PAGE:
Android Honeycomb: is Google shooting itself in the foot?

  • motorola • samsung • personal • xoom • analysis • froyo • gingerbread • android • honeycomb
  • 420 words

This video is great! Yes, quality wise is quite poor, it looks like the first movies from Pixar. But it’s quite amusing and “teasing”. Take a second to watch it:

Definitely, Motorola is looking better and better at every new product (even though their market share is still ridiculously small). This video, with the whole set of products presented at CES 2011, like Atrix 4G and Xoom, is sign that they are ready to fight and fight hard.

Good for you Moto!

But, what I’m wondering about is the role of Google’s Android in all this.

Google is happily supporting multiple hardware manufacturers, giving them a very good, solid, reliable, flexible and customizable OS. It’s a BIG DEAL. And it’s looking like a convergence is happening there. Different brands are all going for the green robot: now and fast. From my point of view, it’s great and expected: there was huge need for a modern (really modern! - yes, I’m looking at you Symbian) OS, that companies could take and make a phone out of it.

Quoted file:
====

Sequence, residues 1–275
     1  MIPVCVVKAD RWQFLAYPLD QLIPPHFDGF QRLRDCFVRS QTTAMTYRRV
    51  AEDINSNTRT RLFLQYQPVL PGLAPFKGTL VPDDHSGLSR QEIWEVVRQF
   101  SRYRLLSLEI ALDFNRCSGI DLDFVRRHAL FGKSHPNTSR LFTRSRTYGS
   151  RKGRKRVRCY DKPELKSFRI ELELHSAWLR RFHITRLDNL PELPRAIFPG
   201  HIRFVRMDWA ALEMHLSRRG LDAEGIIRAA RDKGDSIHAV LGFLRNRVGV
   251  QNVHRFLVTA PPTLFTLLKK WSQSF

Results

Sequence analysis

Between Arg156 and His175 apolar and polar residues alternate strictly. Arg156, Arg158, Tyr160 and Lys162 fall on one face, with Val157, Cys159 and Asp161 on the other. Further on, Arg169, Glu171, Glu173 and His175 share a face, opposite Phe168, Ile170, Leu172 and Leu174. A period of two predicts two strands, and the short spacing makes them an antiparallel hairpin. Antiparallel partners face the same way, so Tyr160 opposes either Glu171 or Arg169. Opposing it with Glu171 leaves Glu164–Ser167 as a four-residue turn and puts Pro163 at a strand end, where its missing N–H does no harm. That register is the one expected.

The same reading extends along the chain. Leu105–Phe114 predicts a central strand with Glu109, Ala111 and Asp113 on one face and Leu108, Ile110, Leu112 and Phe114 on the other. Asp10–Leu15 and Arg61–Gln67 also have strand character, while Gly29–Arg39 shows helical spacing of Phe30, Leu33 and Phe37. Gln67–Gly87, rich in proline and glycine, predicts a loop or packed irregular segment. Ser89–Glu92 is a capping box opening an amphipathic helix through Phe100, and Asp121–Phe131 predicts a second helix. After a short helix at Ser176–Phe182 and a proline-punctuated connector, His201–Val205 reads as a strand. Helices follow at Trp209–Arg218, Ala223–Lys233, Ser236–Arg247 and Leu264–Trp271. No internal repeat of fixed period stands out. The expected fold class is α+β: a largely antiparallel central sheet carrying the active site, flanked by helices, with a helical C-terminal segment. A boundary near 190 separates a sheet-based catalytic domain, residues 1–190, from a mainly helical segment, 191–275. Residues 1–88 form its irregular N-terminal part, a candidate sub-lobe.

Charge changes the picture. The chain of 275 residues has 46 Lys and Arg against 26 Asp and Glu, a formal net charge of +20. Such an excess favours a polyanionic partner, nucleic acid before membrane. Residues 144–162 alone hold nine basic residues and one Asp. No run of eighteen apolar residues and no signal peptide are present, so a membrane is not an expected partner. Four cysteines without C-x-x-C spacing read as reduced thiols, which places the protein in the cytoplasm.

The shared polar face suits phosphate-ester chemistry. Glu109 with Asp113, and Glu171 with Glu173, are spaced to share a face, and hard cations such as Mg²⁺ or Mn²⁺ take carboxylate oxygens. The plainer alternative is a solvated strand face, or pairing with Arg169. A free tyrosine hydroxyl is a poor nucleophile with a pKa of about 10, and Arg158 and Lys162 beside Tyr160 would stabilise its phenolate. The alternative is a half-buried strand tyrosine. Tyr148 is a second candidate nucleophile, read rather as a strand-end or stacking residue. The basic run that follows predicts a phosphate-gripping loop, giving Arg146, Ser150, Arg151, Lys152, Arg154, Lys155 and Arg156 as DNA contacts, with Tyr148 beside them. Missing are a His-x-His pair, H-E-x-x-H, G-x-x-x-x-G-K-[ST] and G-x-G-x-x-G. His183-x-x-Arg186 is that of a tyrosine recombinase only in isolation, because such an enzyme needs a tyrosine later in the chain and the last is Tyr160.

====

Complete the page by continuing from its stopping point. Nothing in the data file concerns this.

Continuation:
What’s concerning is the Google’s move between 2.2 “Froyo” & 2.3 “Gingerbread”, and Android v3.0 “Honeycomb”. Why? Because it’s destabilising. In a good and, for manufacturers, in a bad way.

Take Samsung: Galaxy Tab sales have been “small” and “uninteresting”, market wise. But THAT product is actually the first Android Tablet. Why did it fail? Because it was Android-made-for-smartphones. Very true and… very sad for who actually spent the money.

But now “Honeycomb” is coming. It’s great, it’s for tablet and all that. Super-duper for gadgets-addict, but what about Samsung, that built a product doomed to failure?

Most probably, it has been a “Samsung choice” to take what was “available” from Google and make a Tablet out of it. I’m pretty sure Google mentioned them that “they were working on a specific version for tablets”. But Samsung made the mistake of building it anyway.

The question is: now, how can Samsung (and other manufacturers) feel confident with Android? How are they going to decide which version to pick? And when? Should they all depend on Google’s word/work, and build their products only when Google says it’s ready? Maybe yes, but are they happy to do so? Isn’t this too much of a cross-company business dependency? That sounds bad to me…

I’m sure working for Google MUST BE GREAT, but trying to imagine the pressure coming from phone manufacturers, it must be a great deal of pain.

PS Samsung Galaxy should be updated to Honeycomb!